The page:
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Morning Lookout: Another COVID death though vax rates up; hot take on Lost Boys remake

Good Morning! It’s Wednesday, September 22 and it will be a lot cooler today — partly sunny with a high of 74. Did you happen to wake up at about 3 a.m. wondering if an earthquake had struck? You weren’t wrong. A 3.4 magnitude shaker struck in Monterey Bay at a depth of about 5.2 miles.

While vaccination rates are up in Santa Cruz County, the county announced the fifth COVID-19 death since August yesterday — all of whom were unvaccinated. Meanwhile, earlier this week, Pfizer announced that its vaccine is safe for children ages 5 and up. Here’s what to know about the timeline of when you can get your kids vaccinated. Also, due to a high demand for COVID-fighting antibodies, healthcare officials are seeing a shortage in California.

But first, let’s start with a hot take from our Wallace Baine about something dear to Santa Cruzans’ hearts:

Say it ain’t so: Could they go and remake ‘The Lost Boys’ without Santa Cruz?

The Lost Boys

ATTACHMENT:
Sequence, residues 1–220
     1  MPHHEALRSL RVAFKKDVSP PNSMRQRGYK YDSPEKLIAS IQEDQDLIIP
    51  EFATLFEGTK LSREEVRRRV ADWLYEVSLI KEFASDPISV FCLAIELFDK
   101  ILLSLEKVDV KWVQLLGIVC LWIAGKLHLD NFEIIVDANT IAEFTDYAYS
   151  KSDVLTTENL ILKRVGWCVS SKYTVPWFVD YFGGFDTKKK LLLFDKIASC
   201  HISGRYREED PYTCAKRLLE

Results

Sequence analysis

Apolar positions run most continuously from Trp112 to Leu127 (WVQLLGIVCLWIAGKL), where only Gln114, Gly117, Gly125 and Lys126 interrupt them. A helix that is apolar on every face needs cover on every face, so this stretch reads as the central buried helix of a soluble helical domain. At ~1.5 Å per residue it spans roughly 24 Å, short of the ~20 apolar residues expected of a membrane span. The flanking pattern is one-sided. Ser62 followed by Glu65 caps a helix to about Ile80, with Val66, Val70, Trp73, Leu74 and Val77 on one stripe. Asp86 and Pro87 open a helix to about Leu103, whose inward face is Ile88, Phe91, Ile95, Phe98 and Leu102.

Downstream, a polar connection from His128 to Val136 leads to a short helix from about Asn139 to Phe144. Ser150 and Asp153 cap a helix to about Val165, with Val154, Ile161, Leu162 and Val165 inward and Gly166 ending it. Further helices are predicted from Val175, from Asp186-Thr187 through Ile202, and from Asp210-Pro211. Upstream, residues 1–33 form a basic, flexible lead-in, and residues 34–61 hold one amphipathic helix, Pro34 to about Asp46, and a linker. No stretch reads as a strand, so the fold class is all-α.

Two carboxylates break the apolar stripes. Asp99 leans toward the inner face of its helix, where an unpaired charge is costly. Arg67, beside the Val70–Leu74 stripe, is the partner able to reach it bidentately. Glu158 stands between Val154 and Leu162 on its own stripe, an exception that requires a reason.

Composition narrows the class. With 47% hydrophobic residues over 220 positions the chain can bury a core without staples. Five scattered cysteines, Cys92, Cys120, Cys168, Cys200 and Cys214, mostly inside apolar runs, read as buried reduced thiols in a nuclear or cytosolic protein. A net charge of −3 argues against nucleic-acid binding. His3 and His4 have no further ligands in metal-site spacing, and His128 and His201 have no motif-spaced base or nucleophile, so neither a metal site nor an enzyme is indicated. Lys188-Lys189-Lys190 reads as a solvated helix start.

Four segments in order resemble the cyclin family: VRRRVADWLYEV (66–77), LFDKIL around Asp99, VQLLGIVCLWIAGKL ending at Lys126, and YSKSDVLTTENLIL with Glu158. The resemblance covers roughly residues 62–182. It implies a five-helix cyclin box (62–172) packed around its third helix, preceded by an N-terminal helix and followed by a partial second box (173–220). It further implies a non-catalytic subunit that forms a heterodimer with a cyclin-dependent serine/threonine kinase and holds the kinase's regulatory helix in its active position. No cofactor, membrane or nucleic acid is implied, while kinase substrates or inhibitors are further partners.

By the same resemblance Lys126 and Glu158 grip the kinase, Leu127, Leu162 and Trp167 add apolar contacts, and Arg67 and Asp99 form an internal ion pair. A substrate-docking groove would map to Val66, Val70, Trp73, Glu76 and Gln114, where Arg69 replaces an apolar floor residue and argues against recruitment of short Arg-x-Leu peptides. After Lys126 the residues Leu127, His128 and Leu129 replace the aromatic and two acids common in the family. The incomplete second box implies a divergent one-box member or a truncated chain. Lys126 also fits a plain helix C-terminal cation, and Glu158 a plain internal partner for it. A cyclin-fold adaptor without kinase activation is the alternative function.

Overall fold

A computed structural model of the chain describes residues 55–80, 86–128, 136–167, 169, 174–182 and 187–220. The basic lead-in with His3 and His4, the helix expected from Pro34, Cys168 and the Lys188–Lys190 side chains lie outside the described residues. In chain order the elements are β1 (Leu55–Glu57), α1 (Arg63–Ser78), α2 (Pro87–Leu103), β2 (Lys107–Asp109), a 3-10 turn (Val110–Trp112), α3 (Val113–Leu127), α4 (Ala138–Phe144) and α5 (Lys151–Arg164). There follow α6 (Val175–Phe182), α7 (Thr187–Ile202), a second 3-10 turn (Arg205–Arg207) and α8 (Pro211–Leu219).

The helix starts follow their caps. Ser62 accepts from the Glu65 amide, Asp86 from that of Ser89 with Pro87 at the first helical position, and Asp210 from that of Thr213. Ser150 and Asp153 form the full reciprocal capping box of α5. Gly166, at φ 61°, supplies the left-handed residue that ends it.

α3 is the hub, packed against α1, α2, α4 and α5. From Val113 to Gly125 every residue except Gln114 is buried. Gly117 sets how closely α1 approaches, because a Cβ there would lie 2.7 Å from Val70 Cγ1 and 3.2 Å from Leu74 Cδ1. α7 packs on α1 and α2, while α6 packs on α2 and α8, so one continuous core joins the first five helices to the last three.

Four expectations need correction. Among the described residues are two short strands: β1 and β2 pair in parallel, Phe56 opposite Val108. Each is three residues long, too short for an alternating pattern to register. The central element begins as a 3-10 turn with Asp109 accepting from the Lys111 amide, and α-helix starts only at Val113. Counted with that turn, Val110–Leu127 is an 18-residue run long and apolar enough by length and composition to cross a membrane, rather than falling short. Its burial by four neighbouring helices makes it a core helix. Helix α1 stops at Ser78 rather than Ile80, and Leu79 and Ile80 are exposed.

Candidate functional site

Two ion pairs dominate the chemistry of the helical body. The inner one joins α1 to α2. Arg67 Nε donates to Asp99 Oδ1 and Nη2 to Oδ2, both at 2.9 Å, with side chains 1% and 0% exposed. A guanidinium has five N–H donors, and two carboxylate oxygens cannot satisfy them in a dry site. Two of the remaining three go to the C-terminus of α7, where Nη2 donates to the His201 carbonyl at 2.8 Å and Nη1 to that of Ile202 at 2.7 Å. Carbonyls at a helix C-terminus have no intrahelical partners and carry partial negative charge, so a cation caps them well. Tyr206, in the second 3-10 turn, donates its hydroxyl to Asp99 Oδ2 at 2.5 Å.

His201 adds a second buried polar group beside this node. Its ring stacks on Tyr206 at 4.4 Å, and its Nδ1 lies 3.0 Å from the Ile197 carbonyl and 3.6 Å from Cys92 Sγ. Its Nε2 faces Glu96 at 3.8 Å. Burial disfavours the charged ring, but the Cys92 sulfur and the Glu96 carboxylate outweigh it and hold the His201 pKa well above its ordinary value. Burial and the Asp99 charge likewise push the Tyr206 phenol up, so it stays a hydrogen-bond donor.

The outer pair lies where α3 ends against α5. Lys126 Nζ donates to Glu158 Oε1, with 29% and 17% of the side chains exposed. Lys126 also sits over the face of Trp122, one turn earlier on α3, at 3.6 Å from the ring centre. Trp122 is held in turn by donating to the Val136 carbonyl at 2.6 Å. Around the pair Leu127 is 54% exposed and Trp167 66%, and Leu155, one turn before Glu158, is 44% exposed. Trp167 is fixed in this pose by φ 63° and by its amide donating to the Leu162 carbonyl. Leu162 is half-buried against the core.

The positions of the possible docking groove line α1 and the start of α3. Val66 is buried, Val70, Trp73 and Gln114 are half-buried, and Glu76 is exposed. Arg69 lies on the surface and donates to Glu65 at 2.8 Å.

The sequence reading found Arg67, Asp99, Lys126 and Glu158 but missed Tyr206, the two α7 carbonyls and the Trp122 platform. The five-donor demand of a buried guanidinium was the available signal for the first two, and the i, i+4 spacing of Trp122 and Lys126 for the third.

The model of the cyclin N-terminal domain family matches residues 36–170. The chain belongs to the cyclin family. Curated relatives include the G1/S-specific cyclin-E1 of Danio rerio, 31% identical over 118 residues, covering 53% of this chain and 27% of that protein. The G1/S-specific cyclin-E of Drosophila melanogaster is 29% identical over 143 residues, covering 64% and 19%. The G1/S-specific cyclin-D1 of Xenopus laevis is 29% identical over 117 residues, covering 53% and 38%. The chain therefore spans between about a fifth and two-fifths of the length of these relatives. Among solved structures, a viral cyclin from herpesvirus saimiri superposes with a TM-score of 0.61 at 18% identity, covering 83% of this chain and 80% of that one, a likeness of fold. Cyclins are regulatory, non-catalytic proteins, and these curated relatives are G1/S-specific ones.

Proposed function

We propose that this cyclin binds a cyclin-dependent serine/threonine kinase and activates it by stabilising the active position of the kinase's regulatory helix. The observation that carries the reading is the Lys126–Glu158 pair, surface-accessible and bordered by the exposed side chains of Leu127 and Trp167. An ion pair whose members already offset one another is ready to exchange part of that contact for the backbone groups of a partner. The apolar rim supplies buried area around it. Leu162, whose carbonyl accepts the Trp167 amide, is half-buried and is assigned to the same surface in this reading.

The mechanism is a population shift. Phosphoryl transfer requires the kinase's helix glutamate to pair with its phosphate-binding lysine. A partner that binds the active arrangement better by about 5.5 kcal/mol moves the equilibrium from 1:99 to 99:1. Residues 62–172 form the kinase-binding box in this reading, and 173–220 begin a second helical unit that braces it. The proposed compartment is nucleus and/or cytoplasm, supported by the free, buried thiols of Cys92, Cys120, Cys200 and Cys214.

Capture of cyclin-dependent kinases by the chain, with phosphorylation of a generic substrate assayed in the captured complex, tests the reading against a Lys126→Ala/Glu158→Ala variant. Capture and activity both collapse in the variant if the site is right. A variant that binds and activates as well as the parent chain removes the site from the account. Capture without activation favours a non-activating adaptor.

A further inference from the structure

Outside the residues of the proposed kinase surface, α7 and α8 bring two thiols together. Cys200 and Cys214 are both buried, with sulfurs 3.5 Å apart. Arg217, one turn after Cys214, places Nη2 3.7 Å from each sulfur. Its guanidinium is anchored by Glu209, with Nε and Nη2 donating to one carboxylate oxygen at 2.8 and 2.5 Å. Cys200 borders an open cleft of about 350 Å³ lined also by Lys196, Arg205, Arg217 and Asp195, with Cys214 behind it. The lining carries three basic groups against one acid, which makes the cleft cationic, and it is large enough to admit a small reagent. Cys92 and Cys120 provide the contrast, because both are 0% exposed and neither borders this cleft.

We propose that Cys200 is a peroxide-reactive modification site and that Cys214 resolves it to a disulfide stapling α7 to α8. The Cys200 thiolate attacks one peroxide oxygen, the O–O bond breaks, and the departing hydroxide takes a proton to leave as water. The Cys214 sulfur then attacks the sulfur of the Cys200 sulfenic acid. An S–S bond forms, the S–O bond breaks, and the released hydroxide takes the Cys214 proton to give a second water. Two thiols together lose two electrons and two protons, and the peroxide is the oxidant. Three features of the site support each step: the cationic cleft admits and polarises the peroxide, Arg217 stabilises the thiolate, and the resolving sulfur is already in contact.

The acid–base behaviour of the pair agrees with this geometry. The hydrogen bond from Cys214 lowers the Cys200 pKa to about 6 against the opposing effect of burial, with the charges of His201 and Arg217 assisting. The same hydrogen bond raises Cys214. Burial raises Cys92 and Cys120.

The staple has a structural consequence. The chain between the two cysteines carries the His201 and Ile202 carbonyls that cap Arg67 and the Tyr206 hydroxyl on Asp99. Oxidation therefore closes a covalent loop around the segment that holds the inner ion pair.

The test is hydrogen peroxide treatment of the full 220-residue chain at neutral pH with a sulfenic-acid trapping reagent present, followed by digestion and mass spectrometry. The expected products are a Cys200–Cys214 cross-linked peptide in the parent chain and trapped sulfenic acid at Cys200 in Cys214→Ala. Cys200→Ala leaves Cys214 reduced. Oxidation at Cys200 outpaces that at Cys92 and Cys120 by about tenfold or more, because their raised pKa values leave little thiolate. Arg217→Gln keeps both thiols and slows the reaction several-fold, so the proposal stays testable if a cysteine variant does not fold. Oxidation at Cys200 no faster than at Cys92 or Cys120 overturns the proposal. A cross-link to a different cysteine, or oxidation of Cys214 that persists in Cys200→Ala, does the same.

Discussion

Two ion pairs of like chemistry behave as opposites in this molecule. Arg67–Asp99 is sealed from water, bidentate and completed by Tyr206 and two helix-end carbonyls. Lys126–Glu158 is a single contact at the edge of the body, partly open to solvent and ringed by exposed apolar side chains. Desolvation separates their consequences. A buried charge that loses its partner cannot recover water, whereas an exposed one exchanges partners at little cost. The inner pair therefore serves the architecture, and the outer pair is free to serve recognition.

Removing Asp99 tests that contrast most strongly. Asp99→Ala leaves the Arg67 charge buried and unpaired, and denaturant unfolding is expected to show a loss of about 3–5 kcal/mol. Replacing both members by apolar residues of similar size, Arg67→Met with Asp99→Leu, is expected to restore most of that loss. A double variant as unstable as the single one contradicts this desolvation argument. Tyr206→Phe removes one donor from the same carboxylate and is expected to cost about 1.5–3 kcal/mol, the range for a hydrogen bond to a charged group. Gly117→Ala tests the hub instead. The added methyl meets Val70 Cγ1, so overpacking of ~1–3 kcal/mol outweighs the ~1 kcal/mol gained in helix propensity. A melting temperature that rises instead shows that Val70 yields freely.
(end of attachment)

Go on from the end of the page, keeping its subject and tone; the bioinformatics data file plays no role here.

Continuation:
(Courtesy Warner Bros)

The 1987 movie “The Lost Boys” might be Santa Cruz’s finest moment in cinema, but there’s no indication Hollywood is aiming to return to shoot its reboot of the vampire classic. A remake shot in some other place called Santa Carla would forever de-couple the film from Santa Cruz. And our Wallace Baine thinks that’s worth mourning. Read his full take here.

Presented by Santa Cruz Symphony

October 3, 2021 at 2 p.m. marks the first “Spotlight on the Symphony Recital” with a live performance at Cabrillo’s...

Vaccination rates are up, but Santa Cruz County sees another COVID-19 death

Covid 19 vaccine vocab_LA_thmb

Yesterday, Santa Cruz County announced an additional death related to COVID-19, the fifth since August. All five people were unvaccinated, something health officials said would have likely prevented the deaths. However, county vaccination rates have increased and the daily case rate has decreased. Read more insights of the current state of the pandemic in Santa Cruz County from our Grace Stetson here.

What we know so far about when kids can get vaccinated for COVID-19

Emily Osorio-Hernandez, 6, writes numbers for a math assignment at Esperanza Elementary School

The question on a lot of parents’ minds right now: When can my kid get one? Millions of children have tested positive for COVID-19 with cases in kids accelerating due to the Delta variant. This has prompted some parents to reportedly fudge their children’s birth certificates to get them vaccinated or seek out doctors willing to vaccinate kids via off-label use — both frowned upon by the FDA and healthcare officials. Here’s what we know right now about the timeline to getting kids under 12 vaccinated.

Big demand makes COVID-fighting antibodies hard to get in California

Nurse Salina Padilla, left, prepares Dr. Prabakar Tummala for Bamlanivimab, monoclonal antibody infusion